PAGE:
# Steven Strogatz

## Susan and Barton Winokur Distinguished Professor for the Public Understanding of Science and Mathematics, Stephen H. Weiss Presidential Fellow

### Research Focus

Dynamical systems applied to physics, biology, and social science.

I have broad interests in applied mathematics. At the beginning of my career I was fascinated by mathematical biology and worked on a variety of problems, including the geometry of supercoiled DNA, the dynamics of the human sleep-wake cycle, the topology of three-dimensional chemical waves, and the collective behavior of biological oscillators, such as swarms of synchronously flashing fireflies. In the 1990’s, my work focused on nonlinear dynamics and chaos applied to physics, engineering, and biology. Several of these projects dealt with coupled oscillators, such as lasers, superconducting Josephson junctions, and crickets that chirp in unison. In each case, the research involved close collaborations with experimentalists. I also love branching out into new areas, often with students taking the lead. In the past few years, this has led us into such topics as: mathematical explorations of the small-world phenomenon in social networks (popularly known as “six degrees of separation”), and its generalization to other complex networks in nature and technology; the role of crowd synchronization in the wobbling of London’s Millennium Bridge on its opening day; and the dynamics of structural balance in social systems.

I’m also passionate about communicating mathematics to the public. For example, I wrote a weekly column on mathematics for the New York Times in the spring of 2010 and the fall of 2012. My most recent books, *The Joy of x* and *Infinite Powers*, are aimed at general readers curious about our beautiful subject. And my podcast for Quanta Magazine, called *The Joy of Why*, takes listeners into some of the biggest unanswered questions in math and science today.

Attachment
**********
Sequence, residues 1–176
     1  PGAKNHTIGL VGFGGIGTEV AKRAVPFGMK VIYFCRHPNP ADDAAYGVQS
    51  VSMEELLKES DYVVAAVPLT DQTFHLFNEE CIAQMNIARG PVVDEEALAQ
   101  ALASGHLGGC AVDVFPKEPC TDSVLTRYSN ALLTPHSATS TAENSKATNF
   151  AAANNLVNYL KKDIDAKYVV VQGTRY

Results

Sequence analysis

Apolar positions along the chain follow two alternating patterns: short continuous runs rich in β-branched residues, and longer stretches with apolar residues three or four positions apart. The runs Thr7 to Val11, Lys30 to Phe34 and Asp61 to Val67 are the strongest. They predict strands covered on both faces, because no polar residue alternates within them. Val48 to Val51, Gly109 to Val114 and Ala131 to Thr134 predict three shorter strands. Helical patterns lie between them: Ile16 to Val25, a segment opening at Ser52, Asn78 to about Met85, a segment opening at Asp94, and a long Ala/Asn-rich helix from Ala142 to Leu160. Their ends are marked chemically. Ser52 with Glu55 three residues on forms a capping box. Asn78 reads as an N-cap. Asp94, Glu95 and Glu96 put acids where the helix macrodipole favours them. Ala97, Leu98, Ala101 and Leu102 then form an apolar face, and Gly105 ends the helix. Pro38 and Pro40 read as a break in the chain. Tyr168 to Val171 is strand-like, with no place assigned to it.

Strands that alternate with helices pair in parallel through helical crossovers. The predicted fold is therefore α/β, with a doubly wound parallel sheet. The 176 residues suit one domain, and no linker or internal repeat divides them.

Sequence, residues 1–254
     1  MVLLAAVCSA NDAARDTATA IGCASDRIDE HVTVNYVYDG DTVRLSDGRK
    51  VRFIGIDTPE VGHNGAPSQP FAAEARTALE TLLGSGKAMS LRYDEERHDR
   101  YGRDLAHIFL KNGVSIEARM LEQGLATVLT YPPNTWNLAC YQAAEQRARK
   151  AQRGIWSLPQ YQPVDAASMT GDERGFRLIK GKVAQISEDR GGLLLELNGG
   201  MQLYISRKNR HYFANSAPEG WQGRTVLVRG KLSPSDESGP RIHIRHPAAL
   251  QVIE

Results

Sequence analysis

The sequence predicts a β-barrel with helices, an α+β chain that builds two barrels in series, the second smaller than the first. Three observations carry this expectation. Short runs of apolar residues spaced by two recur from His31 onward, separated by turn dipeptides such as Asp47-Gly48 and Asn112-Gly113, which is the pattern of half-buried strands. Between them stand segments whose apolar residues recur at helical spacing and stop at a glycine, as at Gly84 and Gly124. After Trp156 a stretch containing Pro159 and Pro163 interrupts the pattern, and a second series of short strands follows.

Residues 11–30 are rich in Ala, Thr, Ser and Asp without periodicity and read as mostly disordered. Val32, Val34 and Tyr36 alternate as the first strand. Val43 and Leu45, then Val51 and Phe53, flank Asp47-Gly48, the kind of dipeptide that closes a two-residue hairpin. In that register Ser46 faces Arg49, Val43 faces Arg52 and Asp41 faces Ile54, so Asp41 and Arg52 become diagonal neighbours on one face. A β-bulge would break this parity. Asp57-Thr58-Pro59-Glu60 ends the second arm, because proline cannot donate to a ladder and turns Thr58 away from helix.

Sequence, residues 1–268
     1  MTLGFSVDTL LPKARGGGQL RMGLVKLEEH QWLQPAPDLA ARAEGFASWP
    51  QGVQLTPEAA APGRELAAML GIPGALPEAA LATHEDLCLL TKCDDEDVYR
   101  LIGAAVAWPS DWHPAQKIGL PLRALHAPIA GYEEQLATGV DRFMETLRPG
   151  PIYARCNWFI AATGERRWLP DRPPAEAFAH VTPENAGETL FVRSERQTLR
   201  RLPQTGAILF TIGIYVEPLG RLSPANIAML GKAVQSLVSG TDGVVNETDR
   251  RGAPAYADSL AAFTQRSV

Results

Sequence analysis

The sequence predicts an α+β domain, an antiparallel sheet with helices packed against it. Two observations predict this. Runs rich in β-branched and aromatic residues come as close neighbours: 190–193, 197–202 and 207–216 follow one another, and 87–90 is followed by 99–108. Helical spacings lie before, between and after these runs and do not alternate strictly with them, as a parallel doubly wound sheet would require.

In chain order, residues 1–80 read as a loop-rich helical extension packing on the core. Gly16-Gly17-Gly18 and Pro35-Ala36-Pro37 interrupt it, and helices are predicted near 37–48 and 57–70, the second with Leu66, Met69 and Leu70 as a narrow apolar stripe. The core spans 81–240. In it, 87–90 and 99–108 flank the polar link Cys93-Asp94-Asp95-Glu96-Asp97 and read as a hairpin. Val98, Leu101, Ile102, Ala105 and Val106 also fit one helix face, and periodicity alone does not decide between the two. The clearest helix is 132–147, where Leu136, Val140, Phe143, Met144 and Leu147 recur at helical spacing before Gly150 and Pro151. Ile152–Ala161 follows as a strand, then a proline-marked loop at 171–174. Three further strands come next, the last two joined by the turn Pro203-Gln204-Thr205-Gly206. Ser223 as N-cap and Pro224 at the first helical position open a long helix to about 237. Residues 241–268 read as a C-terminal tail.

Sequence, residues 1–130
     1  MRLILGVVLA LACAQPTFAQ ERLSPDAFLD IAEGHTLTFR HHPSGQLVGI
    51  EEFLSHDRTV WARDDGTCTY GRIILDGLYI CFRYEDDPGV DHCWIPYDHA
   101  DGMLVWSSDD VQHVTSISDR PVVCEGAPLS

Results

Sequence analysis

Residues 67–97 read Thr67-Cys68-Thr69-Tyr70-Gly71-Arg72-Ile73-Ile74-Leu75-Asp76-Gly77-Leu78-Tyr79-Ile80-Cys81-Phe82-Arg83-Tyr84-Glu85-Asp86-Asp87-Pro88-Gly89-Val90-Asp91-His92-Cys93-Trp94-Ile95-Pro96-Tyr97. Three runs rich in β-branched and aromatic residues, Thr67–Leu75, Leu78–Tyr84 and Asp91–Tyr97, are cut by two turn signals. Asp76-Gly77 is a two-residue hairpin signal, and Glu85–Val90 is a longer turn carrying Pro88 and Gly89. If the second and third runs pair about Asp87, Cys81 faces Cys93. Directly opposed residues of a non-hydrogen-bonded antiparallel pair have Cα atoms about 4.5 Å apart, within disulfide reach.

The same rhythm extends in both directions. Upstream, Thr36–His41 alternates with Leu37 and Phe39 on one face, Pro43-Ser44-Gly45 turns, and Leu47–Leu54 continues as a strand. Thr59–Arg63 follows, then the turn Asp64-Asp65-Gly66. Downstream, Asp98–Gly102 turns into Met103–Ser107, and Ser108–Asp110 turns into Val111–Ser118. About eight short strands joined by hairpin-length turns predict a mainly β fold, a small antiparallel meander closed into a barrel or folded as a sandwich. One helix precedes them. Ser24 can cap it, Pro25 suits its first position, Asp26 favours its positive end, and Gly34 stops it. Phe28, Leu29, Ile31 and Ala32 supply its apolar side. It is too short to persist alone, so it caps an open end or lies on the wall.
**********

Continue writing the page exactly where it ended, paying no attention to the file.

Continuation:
### Publications

- Infinite Powers: How Calculus Reveals the Secrets of the Universe, Houghton Mifflin Harcourt, 2019.
- Nonlinear Dynamics and Chaos: With Applications to Physics, Biology, Chemistry, and Engineering, 2nd edition, Westview Press, 2014.
- Collective dynamics of 'small-world' networks (with D. J. Watts), Nature 393 (1998), 440–442.
- Sync: The Emerging Science of Spontaneous Order, Hyperion, 2003.
- Synchronization of pulse-coupled biological oscillators (with R. E. Mirollo), SIAM Journal on Applied Mathematics 50, 1645-1662 (1990).

## In the news

- A&S honors 23 faculty with endowed professorships
- Mathematical model that ‘changed everything’ turns 25
- $5M gift establishes first-of-its-kind professorship in math and science outreach
- Math communicator visits campus to explore math in everyday life
- Cornell mathematician featured in Netflix film
- How a Mathematician Spends His Sundays
- What to read in 2022? A&S faculty weigh in
- Modeling suggests friendships may lead to lopsided elections
- When is a basin of attraction like an octopus?
- Natalie Wolchover named A&S Zubrow Visiting Journalist for Spring 2022
- Applied math/astronomy student receives Zonta Amelia Earhart Fellowship
- Strogatz named finalist for Royal Society prize
- The Math Equation That Tried to Stump the Internet
- How many taxis can scan a city? Fewer than you’d think
- Cornell Family Fellows spring weekend 2019 offers some surprises
- The universe’s secrets are at your fingertips – just learn calculus
- How Pi Made Us Modern
- Math professor honored with the George Pólya Prize for Mathematical Exposition
- Strogatz gives plenary session at World Government Summit in Dubai
- How many taxis does a city need?
- Strogatz, Bethe research papers named to top-50 list
- Randomness a key in spread of disease, other ‘evil’
- Strogatz's study of 'swarmalators' could direct future science
- Teach Better podcast spotlights education innovation
- Strogatz, colleagues aim to improve math communications
- Alum's work honors best writing in mathematics
- Ride-sharing study findings are scalable to different cities
- Steve Strogatz tackles Albert Einstein